Journalism — the catalyst that connects communities and cultures in public libraries
Ilove libraries and have for as long as I can remember.
When I attended a US university as a foreign student in 1996, a friend of mine referred me for a job at the school library. I was thrilled because it fed two of my passions — a voracious appetite for news and information and a fascination with emerging technology. The library was a treasure trove of both.
I could access news from, and about, my home country that
I never had the opportunity to read before. And I could use the computer lab and databases to make the extensive research I needed to do much, much easier. Suddenly I was no longer constricted by printed books, microfiche, and microfilm; almost everything I needed was either at my fingertips or easier to find. I was mesmerized by it all.
As a social science reference librarian assistant I spent a lot of time teaching other students how to use databases like ProQuest UMI in order to perform research more effectively. I still remember the joy of seeing a student’s eyes light up when they discovered that the paper they’d left to the last minute could be delivered on time.
But my delight at working there wasn’t just about all the content and computers. I truly felt that I was part of a team of people who believed it was their civic duty/mission to help improve the lives of its members. I also learned a lot of invaluable skills that I use to this day in both my personal and business lives.
In 2003, while now attending grad school, my life took a new turn that today feels almost like Kismet. I was hired as a co-op student to work on, among others, a news product for the library market — Library PressDisplay (renamed PressReader in 2013). Being a news junkie and a lover of libraries, it was a perfect match for me.
Today, in my position in the company, I’m no longer involved in the day-to-day operations of our library team, but I’m still proud that PressReader continues to advocate for two honorable and important institutions — libraries and journalism.
Together they can, and do, change the world.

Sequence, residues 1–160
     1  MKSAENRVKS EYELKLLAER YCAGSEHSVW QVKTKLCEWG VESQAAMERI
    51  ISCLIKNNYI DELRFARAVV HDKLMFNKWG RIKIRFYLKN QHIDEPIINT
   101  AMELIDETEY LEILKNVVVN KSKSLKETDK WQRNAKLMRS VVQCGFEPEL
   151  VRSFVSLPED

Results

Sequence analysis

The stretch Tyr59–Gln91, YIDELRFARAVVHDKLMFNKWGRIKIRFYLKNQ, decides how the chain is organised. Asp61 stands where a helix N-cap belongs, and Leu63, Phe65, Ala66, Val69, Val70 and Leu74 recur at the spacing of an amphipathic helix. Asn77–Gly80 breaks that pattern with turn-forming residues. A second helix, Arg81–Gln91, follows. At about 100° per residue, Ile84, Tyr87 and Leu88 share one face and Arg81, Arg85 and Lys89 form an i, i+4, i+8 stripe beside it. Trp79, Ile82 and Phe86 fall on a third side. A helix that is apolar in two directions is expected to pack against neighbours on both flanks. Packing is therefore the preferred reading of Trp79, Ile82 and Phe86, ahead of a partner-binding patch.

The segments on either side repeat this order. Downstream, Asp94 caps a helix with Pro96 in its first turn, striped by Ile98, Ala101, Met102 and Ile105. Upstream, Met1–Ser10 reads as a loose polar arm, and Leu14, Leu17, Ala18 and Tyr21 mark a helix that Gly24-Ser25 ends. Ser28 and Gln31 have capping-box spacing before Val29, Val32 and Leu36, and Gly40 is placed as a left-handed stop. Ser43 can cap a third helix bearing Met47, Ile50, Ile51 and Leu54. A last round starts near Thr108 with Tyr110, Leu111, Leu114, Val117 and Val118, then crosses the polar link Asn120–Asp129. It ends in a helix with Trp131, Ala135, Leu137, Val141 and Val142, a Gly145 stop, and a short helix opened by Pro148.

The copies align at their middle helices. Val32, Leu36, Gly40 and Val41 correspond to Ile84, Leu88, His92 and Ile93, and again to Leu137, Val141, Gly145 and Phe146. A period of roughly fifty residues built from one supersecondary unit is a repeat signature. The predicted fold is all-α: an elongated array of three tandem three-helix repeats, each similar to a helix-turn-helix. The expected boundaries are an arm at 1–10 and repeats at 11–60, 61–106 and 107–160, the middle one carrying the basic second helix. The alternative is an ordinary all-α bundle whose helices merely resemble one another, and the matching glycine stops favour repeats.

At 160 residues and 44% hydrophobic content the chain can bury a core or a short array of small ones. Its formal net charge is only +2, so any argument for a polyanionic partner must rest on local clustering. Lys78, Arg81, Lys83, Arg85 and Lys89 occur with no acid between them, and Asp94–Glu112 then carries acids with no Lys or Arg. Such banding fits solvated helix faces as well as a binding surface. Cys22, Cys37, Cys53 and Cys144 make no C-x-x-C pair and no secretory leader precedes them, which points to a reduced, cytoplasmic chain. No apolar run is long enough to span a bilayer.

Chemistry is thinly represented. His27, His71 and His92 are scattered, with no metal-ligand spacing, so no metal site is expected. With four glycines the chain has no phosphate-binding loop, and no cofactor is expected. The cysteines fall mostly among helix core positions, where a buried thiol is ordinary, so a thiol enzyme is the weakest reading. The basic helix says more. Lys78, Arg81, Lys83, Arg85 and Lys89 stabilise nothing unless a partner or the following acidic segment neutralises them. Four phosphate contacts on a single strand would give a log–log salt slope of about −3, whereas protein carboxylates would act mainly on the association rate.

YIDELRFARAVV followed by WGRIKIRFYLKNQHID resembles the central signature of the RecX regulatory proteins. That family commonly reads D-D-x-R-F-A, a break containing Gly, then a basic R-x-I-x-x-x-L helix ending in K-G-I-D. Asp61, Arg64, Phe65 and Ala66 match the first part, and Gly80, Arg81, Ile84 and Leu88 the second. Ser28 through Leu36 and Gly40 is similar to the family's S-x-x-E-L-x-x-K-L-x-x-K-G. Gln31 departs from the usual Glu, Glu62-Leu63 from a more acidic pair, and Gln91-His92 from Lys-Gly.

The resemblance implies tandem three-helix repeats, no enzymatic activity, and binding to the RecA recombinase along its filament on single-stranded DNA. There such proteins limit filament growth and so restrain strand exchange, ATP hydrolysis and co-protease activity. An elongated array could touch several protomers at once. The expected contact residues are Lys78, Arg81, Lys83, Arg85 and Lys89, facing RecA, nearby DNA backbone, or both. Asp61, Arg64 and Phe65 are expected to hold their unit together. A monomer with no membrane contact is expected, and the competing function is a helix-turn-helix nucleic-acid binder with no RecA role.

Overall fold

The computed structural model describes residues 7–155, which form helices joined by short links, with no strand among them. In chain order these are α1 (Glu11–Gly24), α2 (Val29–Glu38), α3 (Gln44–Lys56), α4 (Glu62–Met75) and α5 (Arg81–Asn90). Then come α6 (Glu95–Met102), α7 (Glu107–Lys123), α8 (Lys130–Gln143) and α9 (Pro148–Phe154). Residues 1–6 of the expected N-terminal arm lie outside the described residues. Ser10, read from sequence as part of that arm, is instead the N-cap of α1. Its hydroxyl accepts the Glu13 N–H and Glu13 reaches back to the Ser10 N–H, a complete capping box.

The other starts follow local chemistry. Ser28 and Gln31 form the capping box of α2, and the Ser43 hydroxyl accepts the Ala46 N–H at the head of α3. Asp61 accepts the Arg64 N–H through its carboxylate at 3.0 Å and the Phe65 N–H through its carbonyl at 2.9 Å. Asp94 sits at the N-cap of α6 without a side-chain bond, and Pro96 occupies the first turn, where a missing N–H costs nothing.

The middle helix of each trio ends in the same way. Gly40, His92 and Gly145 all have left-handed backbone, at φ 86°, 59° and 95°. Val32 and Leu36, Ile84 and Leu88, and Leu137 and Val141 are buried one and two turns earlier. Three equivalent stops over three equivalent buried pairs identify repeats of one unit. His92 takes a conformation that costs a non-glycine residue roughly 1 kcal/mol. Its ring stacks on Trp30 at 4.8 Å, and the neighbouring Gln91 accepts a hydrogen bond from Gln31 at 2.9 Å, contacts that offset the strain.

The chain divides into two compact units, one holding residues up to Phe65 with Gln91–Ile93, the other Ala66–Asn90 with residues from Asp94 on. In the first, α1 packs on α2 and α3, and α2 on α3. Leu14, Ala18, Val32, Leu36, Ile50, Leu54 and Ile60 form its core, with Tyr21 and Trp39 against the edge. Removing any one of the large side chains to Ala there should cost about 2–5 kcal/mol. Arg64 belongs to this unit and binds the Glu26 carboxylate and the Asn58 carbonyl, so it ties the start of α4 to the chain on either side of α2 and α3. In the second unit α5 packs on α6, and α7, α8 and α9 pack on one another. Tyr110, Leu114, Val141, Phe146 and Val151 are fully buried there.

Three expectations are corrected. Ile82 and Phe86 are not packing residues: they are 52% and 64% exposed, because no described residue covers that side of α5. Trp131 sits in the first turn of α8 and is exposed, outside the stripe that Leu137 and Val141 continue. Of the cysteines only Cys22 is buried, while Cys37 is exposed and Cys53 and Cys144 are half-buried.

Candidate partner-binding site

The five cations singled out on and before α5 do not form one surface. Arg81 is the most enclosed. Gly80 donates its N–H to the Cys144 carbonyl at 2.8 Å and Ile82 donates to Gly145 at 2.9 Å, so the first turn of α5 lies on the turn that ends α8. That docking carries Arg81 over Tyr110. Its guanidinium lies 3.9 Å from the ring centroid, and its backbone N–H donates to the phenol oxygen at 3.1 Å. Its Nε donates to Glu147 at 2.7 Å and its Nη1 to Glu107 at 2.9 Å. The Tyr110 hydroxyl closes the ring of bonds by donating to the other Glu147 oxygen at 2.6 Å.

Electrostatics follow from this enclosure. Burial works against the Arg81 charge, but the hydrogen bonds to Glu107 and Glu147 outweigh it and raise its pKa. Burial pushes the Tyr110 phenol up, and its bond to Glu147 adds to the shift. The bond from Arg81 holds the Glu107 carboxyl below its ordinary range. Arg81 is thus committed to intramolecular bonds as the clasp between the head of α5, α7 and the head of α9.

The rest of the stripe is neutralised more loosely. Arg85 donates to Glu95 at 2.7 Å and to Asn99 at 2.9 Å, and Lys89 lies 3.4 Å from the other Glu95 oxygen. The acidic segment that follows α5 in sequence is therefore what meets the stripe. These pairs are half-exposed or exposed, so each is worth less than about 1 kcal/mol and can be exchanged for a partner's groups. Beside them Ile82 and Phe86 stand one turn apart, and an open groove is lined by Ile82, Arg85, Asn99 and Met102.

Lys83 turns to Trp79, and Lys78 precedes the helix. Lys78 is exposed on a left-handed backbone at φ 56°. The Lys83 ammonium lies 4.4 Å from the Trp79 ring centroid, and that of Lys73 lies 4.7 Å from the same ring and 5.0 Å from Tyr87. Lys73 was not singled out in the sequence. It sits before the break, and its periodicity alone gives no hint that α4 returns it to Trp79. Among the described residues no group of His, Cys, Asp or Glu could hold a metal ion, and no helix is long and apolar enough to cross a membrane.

The role of public libraries in the community
In October 2017, The Wall Street Journal ran a story about public libraries. It was refreshing to read how many these brick and mortar institutions have transformed themselves from custodians of content to the caretakers of communities.
One example of going above and beyond the call of civic duty was in Hennepin County in the American state of Minnesota. In 2016 the county’s public library answered 1.3M questions from members — more than the entire county’s population of 1.2M. Pretty impressive!
There is no question that reference librarians are the lifeblood of a public library. In the words of marketing guru, Seth Godin, they are “producers, concierges, connectors, teachers and impresarios.” It’s hard to argue with Seth when you discover all that they do. Along with lending out books and periodicals, reference librarians help people:
Write resumes and apply for jobs
Find social service, medical, and legal information and support
Set up email accounts and provide tutorials on how to use them and other apps
Teach classes in computer programming, website design, small business management, and even yoga
Host events with experts who offer advice on a variety of subjects • Create household budgets and discover new recipes
• Research historical information (e.g. weather, events, newspaper archives, and even family ancestries)
• Verify whether online news stories are true or fake
• Borrow everything from free museum passes, ties, briefcases, and jewelry (for job interviews) to WiFi hotspots for those who can’t afford WiFi at home
Some even lend out lamps that battle seasonal affective disorder and radon-testing kits for people’s homes. Whatever the needs of a community, public libraries are finding innovative ways to fill them.
Public libraries and journalism — too important to lose
According to Wayne A. Wiegand, author of Part of Our Lives: A People's History of the American Public Library, many US information technologists in the early 1980s forecasted the death of the public library by the millennium.
A similar projection was made for newspapers in 2012 when futurist, Ross Dawson, predicted that newspapers in their current form (i.e. print) would become extinct, starting in the US in 2017.
“I loved working with librarians. They are a special breed of people. They feel like it’s their civic duty, their mission in life to help others. And every time I’d go to a conference or trade show I’d see how passionate they were about seeking out new information, new tools, and products to help improve the lives of others.”
But the end of printed newspapers won’t be the end of quality journalism, just like the transformation of printed library resources into digital assets won’t be the death of public libraries. Quality journalism is the life force of mainstream media and it will survive without print in the webosphere. But what about libraries?
There are those who argue that Amazon should replace public libraries to save taxpayer money. I, for one, hope never to see that day. The value public library spaces and librarians bring to communities is far too great to lose.
In terms of newspapers, many printed editions are still alive, although they may not be kicking for long as more and more readers switch to digital.